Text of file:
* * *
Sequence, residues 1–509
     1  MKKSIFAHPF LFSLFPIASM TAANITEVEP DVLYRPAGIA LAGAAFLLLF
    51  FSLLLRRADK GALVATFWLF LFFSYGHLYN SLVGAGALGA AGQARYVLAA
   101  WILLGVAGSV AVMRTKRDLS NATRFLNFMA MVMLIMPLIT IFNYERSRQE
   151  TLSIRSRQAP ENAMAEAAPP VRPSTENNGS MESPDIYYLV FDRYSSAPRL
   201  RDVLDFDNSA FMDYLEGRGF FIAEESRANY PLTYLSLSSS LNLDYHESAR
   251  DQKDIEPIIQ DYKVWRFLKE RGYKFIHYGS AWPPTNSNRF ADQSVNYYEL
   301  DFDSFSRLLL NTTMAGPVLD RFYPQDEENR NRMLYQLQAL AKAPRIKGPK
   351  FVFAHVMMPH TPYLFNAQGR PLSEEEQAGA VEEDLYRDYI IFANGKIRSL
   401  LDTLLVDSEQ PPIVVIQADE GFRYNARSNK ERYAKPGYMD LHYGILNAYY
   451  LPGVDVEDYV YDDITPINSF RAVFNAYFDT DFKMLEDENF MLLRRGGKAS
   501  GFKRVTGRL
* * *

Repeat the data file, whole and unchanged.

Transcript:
Sequence, residues 1–509
     1  MKKSIFAHPF LFSLFPIASM TAANITEVEP DVLYRPAGIA LAGAAFLLLF
    51  FSLLLRRADK GALVATFWLF LFFSYGHLYN SLVGAGALGA AGQARYVLAA
   101  WILLGVAGSV AVMRTKRDLS NATRFLNFMA MVMLIMPLIT IFNYERSRQE
   151  TLSIRSRQAP ENAMAEAAPP VRPSTENNGS MESPDIYYLV FDRYSSAPRL
   201  RDVLDFDNSA FMDYLEGRGF FIAEESRANY PLTYLSLSSS LNLDYHESAR
   251  DQKDIEPIIQ DYKVWRFLKE RGYKFIHYGS AWPPTNSNRF ADQSVNYYEL
   301  DFDSFSRLLL NTTMAGPVLD RFYPQDEENR NRMLYQLQAL AKAPRIKGPK
   351  FVFAHVMMPH TPYLFNAQGR PLSEEEQAGA VEEDLYRDYI IFANGKIRSL
   401  LDTLLVDSEQ PPIVVIQADE GFRYNARSNK ERYAKPGYMD LHYGILNAYY
   451  LPGVDVEDYV YDDITPINSF RAVFNAYFDT DFKMLEDENF MLLRRGGKAS
   501  GFKRVTGRL